photo credit: Kim Kovacik
Wazwan has had several locations over the past five years. It’s been an underground supper club in Lakeview, a stall in the abruptly closed Politan Row food hall, and a spot operating out of a ghost kitchen in River West.
Now this South Asian restaurant has a permanent home in Wicker Park. And while the dark, narrow space loaded with barstools feels more like it should be hosting ‘80s trivia nights instead of serving food, we don’t care. This BYOB spot could set up shop in the airport and we’d be grateful.
Wazwan is a dive bar serving South and Southeast Asian street food that isn’t divey at all. Delicately wrapped Nihari momos arrive cradled in a steamer basket, filled with shredded beef and topped with chili oil and Sichuan peppercorns to add just the right amount of numbing spice. A mound of shaved black truffle tops the savory mushroom korma—a tangle of wild mushrooms sitting in a silky cashew gravy spiced with coriander, garlic, and ginger.
Truffles also blanket the paneer-filled kulcha, which is served with a rich, sweet compound date butter that really does make our eyes roll into the back of our head. When we pull the flatbread apart we realize we’re not, in fact, in a luxurious garden lounging in a reclined position. We’re on a puffy bar stool sitting in a windowless room that we’re 99.9% sure is a bar except for the fact that the only alcohol is what we brought in our purse.
Wazwan doesn't take reservations, but gets crowded fast, and stays that way for the rest of the night. It’s very small, and the BYOB policy makes it easy for guests to linger. So do the charming servers and friendly head chef, who will often come out to say hi, and tell you why a certain dish is on the menu and the techniques used to create that compound butter. From the spice blends roasted in-house to the halal sourcing, the attention to detail is obvious with every single plate.
Like a great TV show that gets prematurely canceled, then bounces around from CW to SyFy to Netflix, Wazwan deserves an audience. It’s hard to think of a better way to spend your Friday night than showing up with a six-pack and an insatiable appetite for momos. Or, you can just get takeout and eat those dumplings on your couch. And if you want to have an elevated experience with similar food, book a table at The Coach House. It’s their fine dining spot located behind the restaurant, where they serve an eight-course, $150 tasting menu that’s inspired by season one of Wazwan: The Supper Club. Either way, the important thing is that Wazwan has a forever home.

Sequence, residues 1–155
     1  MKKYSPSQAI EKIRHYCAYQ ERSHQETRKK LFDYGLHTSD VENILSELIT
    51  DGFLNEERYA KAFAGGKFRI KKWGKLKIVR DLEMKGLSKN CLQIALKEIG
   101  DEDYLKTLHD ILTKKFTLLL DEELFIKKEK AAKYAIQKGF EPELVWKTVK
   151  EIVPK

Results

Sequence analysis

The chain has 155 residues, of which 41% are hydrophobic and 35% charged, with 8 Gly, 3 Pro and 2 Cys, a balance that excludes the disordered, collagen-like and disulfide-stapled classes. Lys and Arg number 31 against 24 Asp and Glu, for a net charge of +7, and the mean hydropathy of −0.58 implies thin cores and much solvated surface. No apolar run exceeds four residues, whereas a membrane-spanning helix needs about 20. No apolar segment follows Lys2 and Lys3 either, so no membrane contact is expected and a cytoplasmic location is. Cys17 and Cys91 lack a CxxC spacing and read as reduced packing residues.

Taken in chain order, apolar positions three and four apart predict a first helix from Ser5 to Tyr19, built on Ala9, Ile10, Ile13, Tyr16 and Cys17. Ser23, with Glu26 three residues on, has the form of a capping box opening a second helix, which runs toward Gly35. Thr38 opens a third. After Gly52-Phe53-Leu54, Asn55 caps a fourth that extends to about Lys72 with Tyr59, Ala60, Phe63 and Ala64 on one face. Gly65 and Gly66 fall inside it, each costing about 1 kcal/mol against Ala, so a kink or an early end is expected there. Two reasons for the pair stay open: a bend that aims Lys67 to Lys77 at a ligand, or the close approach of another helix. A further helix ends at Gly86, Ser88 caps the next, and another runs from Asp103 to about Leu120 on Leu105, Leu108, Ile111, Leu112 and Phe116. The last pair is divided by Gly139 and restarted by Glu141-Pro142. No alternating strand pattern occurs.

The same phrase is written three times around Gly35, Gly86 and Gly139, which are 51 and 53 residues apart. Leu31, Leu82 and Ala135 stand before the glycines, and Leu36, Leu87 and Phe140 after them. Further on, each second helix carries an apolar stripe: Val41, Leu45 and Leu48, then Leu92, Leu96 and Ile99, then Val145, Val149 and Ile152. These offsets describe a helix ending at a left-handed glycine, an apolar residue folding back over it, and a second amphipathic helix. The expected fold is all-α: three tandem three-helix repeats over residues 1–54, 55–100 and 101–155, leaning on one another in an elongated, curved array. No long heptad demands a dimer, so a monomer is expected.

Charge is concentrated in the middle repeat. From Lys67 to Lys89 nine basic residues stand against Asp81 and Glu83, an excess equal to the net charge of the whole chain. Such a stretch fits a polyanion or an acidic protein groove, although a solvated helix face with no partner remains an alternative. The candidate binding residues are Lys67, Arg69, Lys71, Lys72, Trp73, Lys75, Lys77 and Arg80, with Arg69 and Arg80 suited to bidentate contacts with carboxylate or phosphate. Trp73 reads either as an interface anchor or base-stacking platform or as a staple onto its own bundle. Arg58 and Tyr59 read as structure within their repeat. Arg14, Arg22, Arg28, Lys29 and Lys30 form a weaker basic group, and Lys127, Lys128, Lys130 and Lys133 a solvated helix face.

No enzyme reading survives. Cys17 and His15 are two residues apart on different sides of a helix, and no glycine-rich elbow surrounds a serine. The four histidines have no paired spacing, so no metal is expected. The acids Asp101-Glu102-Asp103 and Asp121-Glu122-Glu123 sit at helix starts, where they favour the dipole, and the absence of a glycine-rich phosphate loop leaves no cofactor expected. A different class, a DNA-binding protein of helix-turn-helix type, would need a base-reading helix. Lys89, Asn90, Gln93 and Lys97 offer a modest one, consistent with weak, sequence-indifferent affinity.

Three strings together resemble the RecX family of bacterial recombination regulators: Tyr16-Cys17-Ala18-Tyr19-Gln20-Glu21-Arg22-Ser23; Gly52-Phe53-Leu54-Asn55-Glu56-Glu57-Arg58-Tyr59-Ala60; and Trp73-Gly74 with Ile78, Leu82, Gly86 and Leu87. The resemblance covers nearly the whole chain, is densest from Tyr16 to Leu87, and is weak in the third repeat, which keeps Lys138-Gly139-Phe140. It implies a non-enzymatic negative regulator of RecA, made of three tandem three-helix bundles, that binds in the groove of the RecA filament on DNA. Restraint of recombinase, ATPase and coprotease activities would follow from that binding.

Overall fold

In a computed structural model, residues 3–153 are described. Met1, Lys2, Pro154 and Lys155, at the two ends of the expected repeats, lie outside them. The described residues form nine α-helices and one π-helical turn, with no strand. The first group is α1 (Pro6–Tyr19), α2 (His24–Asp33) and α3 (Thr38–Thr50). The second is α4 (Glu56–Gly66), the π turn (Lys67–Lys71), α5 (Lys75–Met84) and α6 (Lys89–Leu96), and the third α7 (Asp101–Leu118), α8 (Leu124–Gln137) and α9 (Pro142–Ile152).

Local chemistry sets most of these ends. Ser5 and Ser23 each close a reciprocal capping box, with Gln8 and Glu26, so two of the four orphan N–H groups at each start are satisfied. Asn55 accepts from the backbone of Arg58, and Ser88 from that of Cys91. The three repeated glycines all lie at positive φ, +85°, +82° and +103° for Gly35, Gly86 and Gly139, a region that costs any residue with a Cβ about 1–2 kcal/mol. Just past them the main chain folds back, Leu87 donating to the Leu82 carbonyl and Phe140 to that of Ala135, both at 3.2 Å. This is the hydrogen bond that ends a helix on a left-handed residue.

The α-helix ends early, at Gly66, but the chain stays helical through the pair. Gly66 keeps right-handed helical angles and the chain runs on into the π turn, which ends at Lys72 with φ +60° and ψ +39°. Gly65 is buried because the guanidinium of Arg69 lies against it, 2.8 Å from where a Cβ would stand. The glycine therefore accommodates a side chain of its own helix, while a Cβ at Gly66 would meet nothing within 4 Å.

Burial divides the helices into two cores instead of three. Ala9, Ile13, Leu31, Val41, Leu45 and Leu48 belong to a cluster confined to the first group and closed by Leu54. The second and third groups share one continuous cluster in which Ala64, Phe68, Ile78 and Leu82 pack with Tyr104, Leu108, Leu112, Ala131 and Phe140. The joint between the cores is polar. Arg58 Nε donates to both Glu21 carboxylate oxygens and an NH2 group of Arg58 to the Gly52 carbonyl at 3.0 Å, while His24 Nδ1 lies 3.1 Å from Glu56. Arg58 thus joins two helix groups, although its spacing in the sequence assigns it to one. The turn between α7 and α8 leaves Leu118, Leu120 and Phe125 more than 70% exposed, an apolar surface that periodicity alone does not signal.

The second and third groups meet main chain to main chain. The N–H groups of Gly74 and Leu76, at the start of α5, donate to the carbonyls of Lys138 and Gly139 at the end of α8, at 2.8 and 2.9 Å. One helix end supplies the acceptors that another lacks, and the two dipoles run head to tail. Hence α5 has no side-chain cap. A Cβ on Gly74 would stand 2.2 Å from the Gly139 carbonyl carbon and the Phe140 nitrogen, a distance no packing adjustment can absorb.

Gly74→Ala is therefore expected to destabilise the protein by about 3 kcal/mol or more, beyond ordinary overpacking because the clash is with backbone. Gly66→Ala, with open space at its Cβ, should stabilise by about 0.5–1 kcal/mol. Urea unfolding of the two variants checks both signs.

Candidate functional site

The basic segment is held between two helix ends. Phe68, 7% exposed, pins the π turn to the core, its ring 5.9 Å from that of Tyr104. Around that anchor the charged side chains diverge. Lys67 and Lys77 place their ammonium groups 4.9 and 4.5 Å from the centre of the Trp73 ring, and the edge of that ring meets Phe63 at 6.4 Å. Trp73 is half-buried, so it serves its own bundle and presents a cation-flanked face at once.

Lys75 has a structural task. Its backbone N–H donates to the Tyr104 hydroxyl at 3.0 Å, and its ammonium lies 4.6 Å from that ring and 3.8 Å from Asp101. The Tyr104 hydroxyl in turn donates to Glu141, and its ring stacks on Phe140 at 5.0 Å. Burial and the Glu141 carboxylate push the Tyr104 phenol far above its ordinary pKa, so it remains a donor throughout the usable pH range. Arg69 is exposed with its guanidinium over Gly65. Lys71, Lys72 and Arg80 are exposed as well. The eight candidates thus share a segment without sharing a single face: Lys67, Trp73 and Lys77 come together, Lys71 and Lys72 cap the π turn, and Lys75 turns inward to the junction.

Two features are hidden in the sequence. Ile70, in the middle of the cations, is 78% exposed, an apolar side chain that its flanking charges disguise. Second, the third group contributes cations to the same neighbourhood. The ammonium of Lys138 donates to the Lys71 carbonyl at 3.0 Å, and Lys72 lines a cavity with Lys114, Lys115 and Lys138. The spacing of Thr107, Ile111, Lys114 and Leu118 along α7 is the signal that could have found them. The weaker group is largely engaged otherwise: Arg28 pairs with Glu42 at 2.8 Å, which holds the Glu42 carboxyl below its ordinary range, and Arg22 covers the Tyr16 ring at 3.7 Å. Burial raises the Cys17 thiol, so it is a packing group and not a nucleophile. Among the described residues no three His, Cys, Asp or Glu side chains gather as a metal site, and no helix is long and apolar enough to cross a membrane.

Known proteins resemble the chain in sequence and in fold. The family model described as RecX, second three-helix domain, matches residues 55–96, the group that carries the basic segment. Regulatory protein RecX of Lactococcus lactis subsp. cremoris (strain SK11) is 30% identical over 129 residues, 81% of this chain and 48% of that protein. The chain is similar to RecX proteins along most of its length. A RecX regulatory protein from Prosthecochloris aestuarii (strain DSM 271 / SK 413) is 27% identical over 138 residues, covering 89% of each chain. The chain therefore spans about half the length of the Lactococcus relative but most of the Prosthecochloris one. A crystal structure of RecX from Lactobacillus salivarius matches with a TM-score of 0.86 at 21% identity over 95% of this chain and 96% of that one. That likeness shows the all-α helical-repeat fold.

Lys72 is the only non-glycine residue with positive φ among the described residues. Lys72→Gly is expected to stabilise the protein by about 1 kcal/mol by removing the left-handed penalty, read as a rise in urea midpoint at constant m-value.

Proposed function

There are always a few versions of the kulcha on the menu, and our favorite flatbread is the one filled with paneer and topped with a mountain of shaved black truffle. They all come with achar, onion jam, and a compound date butter whose sweet and rich destiny is to be smeared on bread. Make sure you order this.
Welcome to the platonic ideal of a dumpling. Each one is folded with precision, filled with juicy beef, and topped with chili oil and Sichuan peppercorn to add some mouth numbing spice.
Wazwan’s menu mainly takes inspiration from South and Southeast Asia, but Japanese okonomiyaki also makes an appearance. There’s nothing wrong with the savory pancake, but the richness of the Kewpie aioli, the sweetness of the unagi sauce, and the flavor of the bonito flakes doesn’t really go well with the other dishes. Only order this if the only thing you want to eat is okonomiyaki.
The THC (tandoori honey chicken) Sando is an outstanding combination of sweet and heat with a fried, tandoor-spiced chicken thigh topped with a gochujang aioli and honey on a squishy brioche bun that goes smoosh when you bite into it.
If the chef hadn’t told us, we wouldn’t have suspected that this is a vegan dish. The cashew butter sauce is creamy and rich, and flavorful thanks to the mushrooms, garlic, and ginger. We also appreciate the generous amount of shaved black truffle.
The chettinad masala has enough heat to let you know you’re alive, and unbelievably tender pieces of chicken. The complex curry is packed with all the spices—coriander, cumin, fennel, to name a few—you could ever desire.